KANGXI 1662 – 1722 Blanc de Chine Porcelain

A Rare Large Kangxi Blanc de Chine Porcelain Model of a Well Dressed Lady Presumed to be a Prostitute or as Donnelly Describes Her a “Lascivious Woman”, Dehua Kilns, Fujian Province, Kangxi Period c.1690-1710. This Very Tall Blanc de Chine Figure of a European was Probably Inspired by the Prints of the Bonnart Family (Print Makers and Publishers) of Paris. She is Wearing a `Mantua` Which is Falling off Her Shoulder While She Uses One Hand to Expose Herself. There is a Socket for the Missing Arm, Which was Possibly Holding a Fan. Her Tall Hair Style is Typical of the Fontange Style of the 1690s`.


Broken through her lower neck and re-stuck. The detachable arm is missing.
Height : 40.5 cm (16 inches)
From a European Private Collection of Figures and Chinese Export Porcelain.
Stock number
For a very similar Blanc de Chine porcelain figure see : Chinese Trade Porcelain (Michel Beurdeley, Charles E. Tuttle Company. No ISBN number, 1962) page 158, plate 45. A further example now in the British Museum which they date as c.1750-1775 comes from the Donnelly collection. Donated in 1980, 1980,0728.297. It was exhibited, see : Ancient Chinese Trade Ceramics from The British Museum (Regina Krahl and Jessica Harrison-Hall, National Museum of History, Republic of China,1994. ISNB 957-00-3623-0) page172 and 173, plate 74. For a further figure described as ex Newbon, London ; present whereabouts unknown : see Blanc de Chine (P.J. Donnelly, Faber and Faber, 1969. ISBN 571-08078-2) plate 121 A. Dated to 1675-1725.



This interesting and rare Blanc de Chine figure must have been made in very small numbers. Very few survive and to my knowledge none have remained with their detachable arm. The engraving that was presumably the source for this figure is not know. The Bonnart family produced a large number of engravings of fashionable women during the last decades of the 17th century and the very beginning of the 18th century. They frequently show ladies wearing a Mantua and Fontange hair style.

The Mantua (Clothing) :
The Mantua sometimes referred to as a bodice was more coat like in construction. It was originally an informal style of clothing that was introduced into the French court by Louis the XIV in the late 1670`s. The name is possibly derived from the old French word for coat Manteuil. The draped form displayed silks to their best advantage. The sleeves were cut in one piece with the back and front, it was pleated at the shoulders and fell to the waist. The Sleeves were elbow length and cuffed, often with overlapping layers of lace showing from the under garment. Some Matuas were made of `bizarre silk` including one dated 1708 (Metropolitan Museum of Art`s Costume Institute). The 17th century form of Mantua changed over time, in the 18th century extreme examples were made. For example in the well known painting by Gainsborough of c.1750 depicting Mr and Mrs Andrews, the Mantua is so wide it fills up a seat made for two, Mr Andrews has to Stand.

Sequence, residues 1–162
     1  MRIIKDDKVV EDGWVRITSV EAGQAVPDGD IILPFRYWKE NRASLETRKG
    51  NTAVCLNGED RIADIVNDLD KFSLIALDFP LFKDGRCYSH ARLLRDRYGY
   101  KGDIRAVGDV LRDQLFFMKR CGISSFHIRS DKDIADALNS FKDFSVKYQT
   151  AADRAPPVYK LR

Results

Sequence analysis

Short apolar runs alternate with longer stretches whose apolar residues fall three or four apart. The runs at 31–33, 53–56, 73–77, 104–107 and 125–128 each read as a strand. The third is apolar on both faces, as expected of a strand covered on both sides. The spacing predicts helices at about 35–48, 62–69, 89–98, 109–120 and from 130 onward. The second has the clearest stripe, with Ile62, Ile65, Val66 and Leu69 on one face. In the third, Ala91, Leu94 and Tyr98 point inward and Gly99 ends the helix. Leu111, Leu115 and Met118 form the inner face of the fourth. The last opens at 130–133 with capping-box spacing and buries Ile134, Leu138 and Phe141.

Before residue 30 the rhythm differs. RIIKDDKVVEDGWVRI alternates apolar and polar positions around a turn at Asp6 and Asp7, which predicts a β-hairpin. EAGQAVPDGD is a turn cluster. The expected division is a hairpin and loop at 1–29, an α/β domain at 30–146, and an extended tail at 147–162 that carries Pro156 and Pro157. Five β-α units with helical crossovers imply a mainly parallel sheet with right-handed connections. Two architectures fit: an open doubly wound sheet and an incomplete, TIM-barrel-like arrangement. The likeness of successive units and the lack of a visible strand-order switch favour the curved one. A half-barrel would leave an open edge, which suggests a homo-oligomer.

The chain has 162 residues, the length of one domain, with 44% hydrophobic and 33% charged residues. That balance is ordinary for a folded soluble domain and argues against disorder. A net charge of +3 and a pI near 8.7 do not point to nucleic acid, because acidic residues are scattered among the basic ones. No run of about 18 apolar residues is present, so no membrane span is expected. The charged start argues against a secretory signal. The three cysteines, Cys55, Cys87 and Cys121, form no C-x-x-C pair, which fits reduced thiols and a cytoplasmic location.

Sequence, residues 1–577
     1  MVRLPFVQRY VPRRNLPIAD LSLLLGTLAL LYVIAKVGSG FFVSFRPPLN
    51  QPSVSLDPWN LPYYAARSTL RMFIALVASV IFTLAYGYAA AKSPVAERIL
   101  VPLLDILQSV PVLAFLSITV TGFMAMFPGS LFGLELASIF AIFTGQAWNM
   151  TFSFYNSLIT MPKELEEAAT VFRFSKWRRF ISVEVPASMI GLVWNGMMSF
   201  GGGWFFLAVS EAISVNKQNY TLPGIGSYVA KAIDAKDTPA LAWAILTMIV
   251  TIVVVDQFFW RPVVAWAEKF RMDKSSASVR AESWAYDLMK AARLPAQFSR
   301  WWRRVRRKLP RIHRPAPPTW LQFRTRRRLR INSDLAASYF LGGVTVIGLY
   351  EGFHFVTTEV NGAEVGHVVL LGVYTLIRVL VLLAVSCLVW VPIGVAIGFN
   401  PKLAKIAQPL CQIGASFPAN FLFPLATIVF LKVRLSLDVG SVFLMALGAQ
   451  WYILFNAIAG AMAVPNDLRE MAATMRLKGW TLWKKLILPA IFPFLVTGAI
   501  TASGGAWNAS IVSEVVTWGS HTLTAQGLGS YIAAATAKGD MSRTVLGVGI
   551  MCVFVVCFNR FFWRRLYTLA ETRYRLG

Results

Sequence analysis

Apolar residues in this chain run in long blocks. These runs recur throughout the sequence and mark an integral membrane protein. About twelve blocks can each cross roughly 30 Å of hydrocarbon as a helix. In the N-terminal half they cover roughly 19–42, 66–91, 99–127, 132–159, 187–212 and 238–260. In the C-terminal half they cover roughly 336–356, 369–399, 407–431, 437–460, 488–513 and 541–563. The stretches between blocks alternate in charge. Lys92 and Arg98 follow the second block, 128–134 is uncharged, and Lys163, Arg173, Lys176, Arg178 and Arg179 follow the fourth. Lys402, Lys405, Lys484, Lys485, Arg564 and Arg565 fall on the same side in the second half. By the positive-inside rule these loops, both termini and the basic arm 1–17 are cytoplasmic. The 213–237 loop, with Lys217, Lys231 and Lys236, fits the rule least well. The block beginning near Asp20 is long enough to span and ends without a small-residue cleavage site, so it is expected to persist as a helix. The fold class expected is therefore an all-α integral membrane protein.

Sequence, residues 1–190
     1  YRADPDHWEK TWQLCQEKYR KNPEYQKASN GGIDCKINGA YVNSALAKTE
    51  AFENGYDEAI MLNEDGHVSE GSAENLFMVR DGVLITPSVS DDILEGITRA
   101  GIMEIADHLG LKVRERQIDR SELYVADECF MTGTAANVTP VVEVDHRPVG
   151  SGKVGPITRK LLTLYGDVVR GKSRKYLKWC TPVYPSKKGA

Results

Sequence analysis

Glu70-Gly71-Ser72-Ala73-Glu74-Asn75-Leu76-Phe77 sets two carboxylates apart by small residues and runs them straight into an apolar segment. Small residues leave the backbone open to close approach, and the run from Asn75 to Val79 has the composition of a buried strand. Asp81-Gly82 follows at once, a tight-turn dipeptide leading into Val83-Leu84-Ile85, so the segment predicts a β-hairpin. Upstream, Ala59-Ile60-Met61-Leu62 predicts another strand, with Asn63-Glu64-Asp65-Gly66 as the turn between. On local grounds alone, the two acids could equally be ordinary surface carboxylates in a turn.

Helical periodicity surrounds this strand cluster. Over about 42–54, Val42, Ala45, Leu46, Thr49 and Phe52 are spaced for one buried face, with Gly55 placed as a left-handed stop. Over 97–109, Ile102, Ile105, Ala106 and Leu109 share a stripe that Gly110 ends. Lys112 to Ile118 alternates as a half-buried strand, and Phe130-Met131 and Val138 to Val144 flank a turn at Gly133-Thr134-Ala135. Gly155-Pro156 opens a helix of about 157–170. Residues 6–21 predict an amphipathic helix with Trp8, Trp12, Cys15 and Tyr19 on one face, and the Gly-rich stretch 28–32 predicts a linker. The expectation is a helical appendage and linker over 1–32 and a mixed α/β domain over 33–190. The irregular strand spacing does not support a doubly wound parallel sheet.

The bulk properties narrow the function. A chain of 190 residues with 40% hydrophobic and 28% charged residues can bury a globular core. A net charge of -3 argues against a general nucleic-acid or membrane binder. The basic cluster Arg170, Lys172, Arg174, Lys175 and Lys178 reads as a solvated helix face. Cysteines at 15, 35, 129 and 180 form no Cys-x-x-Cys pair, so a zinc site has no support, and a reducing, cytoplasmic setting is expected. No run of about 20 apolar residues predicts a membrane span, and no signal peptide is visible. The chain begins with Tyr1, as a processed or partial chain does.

Fontange (Hair Style):
A fontange, or frelange, is a high headdress popular during the end of the late 17th and early 18th centuries in Europe. Technically, fontanges are only part of the assembly, referring to the ribbon bows which support the frelange. The frelange was supported by a wire framework called a commode. A surviving example of a frelange headdress with fontanges and commode in situ is that worn by the 1690s fashion doll Lady Clapham of c.1690-1700 (Victoria and Albert Museum, in the British Galleries, Museum number T.846-1974). In England, the style was popularly known as a `top-knot`, versions of which were worn by ladies of all ranks, from the Queen downwards to kitchen maids, making it an easy target for satire and criticism.
The fontange is said to be named for the Duchesse de Fontange (Marie Angélique de Scorailles 1661-1681), a mistress of King Louis XIV of France. One version of the story is that after losing her cap while hunting with the King, the Marquise tied her hair up using a ribbon in a manner that pleased him, and this was imitated by the other ladies at court, subsequently spreading across Europe. What started out as a simple headdress of folded ribbon in the 1680s became, with additional fabric, lace and trimmings, taller and more complex, increasingly difficult to create and wear. Despite its courtly origins, fontanges were forbidden to be worn at French state occasions, although the English court accepted them, with Queen Mary having her portrait painted wearing one. The term "fontange" is also used by some writers to refer to the associated hairstyle or the combination of headdress and hairstyle.The `fontange coiffure` was a hairstyle where the front of the hair was worn curled and piled high above the forehead in front of the frelange, which was always higher than the hair. Sometimes the hairstyle was supported by a wire framework called a pallisade. Addapted from http://en.wikipedia.org/wiki/Fontange